tribes of Britain. The name is derived from when the Holyoech family once lived beside or close to a religious marker such as an oak where gospel readings were made during Rogation Days.
. Holy-Oakes is a very small liberty in
. In the late 1800's only two people lived there.
This web page shows only a small excerpt of our Holyoech research.Another 78 words (6 lines of text) are included under the topic Early Holyoech History in all our PDF Extended History products and printed products wherever possible.
Sound was what guided spelling in the essentially pre-literate Middle Ages, so one person's name was often recorded under several variations during a single lifetime. Also, before the advent of the printing press and the first dictionaries, the English language was not standardized. Therefore, spelling variations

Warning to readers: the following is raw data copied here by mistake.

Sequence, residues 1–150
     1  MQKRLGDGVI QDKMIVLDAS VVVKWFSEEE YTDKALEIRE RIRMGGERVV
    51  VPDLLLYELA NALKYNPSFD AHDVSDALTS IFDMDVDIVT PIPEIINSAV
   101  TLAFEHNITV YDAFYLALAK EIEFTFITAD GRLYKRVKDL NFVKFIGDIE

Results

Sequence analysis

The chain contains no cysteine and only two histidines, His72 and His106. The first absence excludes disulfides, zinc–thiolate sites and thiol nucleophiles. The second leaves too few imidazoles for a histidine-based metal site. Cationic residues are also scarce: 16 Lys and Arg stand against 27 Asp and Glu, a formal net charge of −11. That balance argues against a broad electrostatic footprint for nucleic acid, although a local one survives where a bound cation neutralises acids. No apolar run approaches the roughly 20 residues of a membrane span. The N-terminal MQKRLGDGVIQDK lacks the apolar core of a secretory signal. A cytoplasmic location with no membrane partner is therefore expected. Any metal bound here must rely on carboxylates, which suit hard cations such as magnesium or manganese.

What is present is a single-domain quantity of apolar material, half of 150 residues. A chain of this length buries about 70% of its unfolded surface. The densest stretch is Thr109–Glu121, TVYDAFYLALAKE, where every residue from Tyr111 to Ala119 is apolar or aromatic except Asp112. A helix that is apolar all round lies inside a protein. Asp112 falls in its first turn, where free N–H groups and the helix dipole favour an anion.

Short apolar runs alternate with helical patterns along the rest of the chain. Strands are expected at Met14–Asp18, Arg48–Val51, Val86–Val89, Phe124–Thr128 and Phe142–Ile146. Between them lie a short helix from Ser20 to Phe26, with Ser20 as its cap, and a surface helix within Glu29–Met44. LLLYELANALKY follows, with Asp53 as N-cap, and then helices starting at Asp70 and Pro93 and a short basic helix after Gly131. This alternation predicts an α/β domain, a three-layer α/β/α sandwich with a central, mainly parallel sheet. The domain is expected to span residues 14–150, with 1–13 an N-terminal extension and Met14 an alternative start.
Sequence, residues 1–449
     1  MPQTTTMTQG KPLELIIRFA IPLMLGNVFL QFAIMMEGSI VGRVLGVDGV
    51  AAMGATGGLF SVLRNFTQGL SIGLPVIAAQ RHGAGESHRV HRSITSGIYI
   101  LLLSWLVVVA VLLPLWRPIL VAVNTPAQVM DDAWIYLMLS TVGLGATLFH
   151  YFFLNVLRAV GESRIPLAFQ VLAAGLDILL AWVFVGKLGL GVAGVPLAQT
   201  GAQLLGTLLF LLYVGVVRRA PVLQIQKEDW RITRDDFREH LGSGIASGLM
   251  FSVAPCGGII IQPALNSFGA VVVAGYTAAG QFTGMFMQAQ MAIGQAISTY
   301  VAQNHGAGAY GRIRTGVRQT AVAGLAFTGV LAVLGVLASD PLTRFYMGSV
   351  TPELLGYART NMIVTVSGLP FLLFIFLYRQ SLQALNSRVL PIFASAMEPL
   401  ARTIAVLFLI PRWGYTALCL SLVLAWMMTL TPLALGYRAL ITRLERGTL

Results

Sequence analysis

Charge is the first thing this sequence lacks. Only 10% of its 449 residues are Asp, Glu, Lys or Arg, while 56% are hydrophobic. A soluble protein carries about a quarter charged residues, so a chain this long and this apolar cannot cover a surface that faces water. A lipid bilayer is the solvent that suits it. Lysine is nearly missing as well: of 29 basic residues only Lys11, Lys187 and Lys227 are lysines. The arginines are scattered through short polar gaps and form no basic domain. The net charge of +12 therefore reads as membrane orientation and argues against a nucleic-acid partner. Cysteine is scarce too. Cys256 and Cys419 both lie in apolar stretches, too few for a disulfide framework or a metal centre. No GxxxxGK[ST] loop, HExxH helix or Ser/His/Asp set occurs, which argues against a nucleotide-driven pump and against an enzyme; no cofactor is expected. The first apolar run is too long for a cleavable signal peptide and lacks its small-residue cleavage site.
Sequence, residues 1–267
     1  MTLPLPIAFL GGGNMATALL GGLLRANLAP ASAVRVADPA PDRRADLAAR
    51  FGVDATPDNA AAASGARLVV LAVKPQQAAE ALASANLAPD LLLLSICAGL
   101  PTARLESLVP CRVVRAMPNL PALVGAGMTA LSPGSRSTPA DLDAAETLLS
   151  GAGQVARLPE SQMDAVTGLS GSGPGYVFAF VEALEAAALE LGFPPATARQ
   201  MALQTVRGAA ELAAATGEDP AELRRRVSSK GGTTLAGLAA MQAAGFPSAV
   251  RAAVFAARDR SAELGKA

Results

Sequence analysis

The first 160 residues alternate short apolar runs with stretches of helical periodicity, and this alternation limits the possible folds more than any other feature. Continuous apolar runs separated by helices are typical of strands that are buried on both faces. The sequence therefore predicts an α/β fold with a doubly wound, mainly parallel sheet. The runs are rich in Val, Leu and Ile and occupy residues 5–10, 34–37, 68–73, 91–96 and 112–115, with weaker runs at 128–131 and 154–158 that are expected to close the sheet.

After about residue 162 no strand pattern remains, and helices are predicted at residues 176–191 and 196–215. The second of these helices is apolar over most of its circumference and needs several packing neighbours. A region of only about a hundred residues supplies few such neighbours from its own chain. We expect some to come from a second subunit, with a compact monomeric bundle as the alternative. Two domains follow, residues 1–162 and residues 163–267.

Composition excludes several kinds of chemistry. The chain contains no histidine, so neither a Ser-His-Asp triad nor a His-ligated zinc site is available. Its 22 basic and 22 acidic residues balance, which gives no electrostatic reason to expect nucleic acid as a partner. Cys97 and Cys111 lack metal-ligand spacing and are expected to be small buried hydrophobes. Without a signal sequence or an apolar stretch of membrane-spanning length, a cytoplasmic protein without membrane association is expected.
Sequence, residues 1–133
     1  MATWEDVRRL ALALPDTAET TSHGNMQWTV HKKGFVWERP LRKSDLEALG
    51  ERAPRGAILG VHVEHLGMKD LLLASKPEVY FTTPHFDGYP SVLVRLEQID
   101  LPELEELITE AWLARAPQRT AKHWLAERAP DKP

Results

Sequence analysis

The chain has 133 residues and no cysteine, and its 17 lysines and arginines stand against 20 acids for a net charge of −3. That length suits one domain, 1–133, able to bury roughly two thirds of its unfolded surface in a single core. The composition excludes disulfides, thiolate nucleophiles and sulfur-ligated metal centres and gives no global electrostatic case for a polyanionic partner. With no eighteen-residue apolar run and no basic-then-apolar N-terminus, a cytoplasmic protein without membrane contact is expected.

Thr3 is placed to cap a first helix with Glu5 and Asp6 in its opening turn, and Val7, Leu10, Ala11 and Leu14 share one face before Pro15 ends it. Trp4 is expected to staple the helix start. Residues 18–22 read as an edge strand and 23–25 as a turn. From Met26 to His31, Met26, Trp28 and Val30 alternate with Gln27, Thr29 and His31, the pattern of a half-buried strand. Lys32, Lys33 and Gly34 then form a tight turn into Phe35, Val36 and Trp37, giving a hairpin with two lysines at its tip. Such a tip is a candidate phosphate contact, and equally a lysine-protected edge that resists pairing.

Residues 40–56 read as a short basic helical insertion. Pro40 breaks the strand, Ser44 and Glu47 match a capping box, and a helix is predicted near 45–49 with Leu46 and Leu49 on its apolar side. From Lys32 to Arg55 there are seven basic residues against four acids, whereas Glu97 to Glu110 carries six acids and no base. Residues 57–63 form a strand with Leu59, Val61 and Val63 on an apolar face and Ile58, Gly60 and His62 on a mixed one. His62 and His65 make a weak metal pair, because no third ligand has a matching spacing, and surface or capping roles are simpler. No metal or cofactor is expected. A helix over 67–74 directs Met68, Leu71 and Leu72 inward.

were common, even among the names of the most literate people. Known variations of the Holyoech family name include Holyoake, Holyoak, Holyoke and others.
For political, religious, and economic reasons, thousands of English families boarded ships for Ireland
, Canada, the America colonies, and many of smaller tropical colonies in the hope of finding better lives abroad. Although the passage on the cramped, dank ships caused many to arrive in the New World diseased and starving, those families that survived the trip often went on to make valuable contributions to those new societies to which they arrived. Early immigrants bearing the Holyoech surname or a spelling variation of the name include: Edward Holyoke settled in Lynn Massachusetts in 1630.